Exposure to a diverse set of tools of Industrial Engineering and Operations Research is a blessing for all students in the program. However, it is natural for students to be overwhelmed by the number of options at their disposal and for them to be left wondering about where their skills can be best applied. With options aplenty, IEOR graduates often take unconventional career routes to make the most of their academic specializations.
In a recent conversation with the department, Bob Cliff, founder and ex-director of Cliff Consulting and now a member of the IEOR Advisory Board, shared his experiences of successfully applying his IEOR skillset to fields deemed unconventional in his time.
Having had an emphasis on science in high school, Bob, who graduated in 1970 with an IEOR Ph.D., M.S., and B.S. from Cal, was talked into doing engineering by his dad. Starting his academic journey at the University of Southern California, set for a degree in electrical engineering, Bob wasn’t very pleased with the academic environment and soon transferred to Berkeley, calling the move “the first step on my own.” Enrolled in Berkeley for electrical engineering, Bob realized after his first class that Kirchoff’s rules weren’t for him and rather wished to study something similar to his experience from working at a steel factory in the summer. And there came the switch to IEOR.
“I loved it here! It was just incredible,” claimed Bob as he spoke about how flowchart and algorithm heavy the curriculum back then was. As a student, Bob got involved with research in human factors engineering, which continued through graduate school, and worked on a human-machine interface particularly related to loss of attention when driving cars.
Proficiency in research meant that Bob began receiving offers for joining faculties — including one by a visiting lecturer from the Massachusetts Institute of Technology. Bob, however, was unsure about entering academia.
In a conversation with his IEOR research professor at Cal, Dr. Ted Crossman, Bob claimed “I’d like to apply what I’ve learned and look for a job.” To give Bob time to gauge opportunities outside, Dr. Crossman offered him assistant professorship without tenure track for two years, which he accepted. In those two years, Bob taught classes on human factors engineering and stochastic modeling — drawing from his research experience in simulation.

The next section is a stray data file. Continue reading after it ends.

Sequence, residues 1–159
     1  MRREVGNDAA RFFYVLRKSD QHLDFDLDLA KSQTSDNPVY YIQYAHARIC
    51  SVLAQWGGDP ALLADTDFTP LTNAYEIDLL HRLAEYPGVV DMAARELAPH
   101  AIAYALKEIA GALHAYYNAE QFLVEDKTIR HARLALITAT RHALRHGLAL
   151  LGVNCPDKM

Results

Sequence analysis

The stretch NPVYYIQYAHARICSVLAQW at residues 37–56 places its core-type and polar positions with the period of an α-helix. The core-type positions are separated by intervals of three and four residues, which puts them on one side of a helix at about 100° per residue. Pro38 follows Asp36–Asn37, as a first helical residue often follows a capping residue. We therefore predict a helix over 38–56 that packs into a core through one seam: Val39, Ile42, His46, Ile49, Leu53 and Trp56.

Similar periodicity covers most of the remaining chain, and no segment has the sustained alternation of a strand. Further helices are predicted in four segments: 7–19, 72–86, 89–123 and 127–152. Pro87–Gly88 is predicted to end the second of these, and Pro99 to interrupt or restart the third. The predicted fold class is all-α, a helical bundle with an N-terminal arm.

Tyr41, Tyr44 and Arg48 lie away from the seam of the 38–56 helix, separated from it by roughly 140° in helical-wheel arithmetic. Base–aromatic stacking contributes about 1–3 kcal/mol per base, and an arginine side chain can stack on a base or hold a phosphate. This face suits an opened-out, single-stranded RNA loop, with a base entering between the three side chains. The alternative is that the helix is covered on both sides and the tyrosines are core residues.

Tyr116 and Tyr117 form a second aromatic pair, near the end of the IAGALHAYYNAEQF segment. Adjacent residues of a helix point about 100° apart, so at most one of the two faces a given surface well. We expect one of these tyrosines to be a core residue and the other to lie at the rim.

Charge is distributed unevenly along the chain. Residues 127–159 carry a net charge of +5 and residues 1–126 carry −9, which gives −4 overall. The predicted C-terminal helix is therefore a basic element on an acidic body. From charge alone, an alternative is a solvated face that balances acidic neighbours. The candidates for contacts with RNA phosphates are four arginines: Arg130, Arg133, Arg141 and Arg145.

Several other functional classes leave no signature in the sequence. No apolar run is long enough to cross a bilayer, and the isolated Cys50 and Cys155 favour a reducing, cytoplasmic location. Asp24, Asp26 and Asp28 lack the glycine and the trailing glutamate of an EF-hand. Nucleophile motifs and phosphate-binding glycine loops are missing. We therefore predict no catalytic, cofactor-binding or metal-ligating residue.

Bob’s true interests, however, lay in a domain unexplored at the time by IEs. “At that time industrial engineering… was aimed at manufacturing — building cars, refrigerators — it was not used in the space of services like banks and insurance companies,” claimed Bob, who was determined to change the status quo with the launch of his new company, Cliff Consulting.
As a consultant, Bob’s first breakthrough opportunity came from Bank of California, who processed the accounts for ‘Shell Credit Card’ — one of the many credit cards issued by gas companies at the time. It was a time-intensive process of capturing payments and sorting checks for all transactions. The enclosed checks were sorted and then delivered to the respective banks. The process was not efficient and the workers’ morale was low. The personnel department was unhappy with the workers’ morale. Bob saw this as a great industrial engineering problem, wherein all that he had studied could be applied. To improve productivity, he suggested improvements in sorting checks based on bank locations and applying worker standards as a bare minimum and also provided incentives for performance in processing payments. Bob also initiated an internal assessment that allowed workers to be placed in other responsibilities if they weren’t able to meet the standard. Overall, Bob’s work helped increase morale and also productivity by 20%.
Bob’s profile of prominent consulting projects also includes helping five major banks establish Master Charge (now MasterCard), and assisting Kaiser Permanente to develop a healthcare database system of medical information and treatments (a concept that is the foundation of delivery systems today). When talking about how industrial engineering lessons helped him, Bob vividly remembers having to schedule part-time student employees to handle merchant calls for credit card services by using linear programming, and saving 15% in costs through the optimal model.
Bob headed his small-scale firm for over 40 years and eventually decided to call it quits in 2013. Since then, he has volunteered to take up the role of a foundation board member at the Lake Tahoe Community College, through which he takes the onus on himself to help all low-income students get full-ride scholarships and access to learning materials. As a board member, Bob emphasizes the importance of a four-year degree for local students and takes great pride bringing students to visit the Cal campus each year. Last year, five students from Lake Tahoe gained entrance into Cal!
As a young entrant into the workforce, Bob’s mindset was well ahead of its time — to use IEOR as an “idea of applying engineering methodology to business problems that work out in all sorts of fields.” While this helped him carve a phenomenal career for himself, he also realized that there are three kinds of IEOR graduates — academia oriented, those interested in intricate problem solving, and those meant for managing the larger picture. Advising current students about this, Bob suggested it’s imperative for students to know what their nature is, and figuring out, with actual practice, in which category they belong. Given that industries realize IEOR’s value and versatility now, the need is abundant. It is only a matter of assessing one’s fit.